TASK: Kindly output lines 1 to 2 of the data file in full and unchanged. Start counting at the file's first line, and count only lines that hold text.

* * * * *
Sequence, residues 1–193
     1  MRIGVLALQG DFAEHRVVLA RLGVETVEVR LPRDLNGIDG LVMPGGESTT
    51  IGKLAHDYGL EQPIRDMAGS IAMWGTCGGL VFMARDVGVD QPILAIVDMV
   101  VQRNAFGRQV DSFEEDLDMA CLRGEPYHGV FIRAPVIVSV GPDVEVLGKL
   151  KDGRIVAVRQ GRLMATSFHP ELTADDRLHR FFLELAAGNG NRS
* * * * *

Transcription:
Sequence, residues 1–193
     1  MRIGVLALQG DFAEHRVVLA RLGVETVEVR LPRDLNGIDG LVMPGGESTT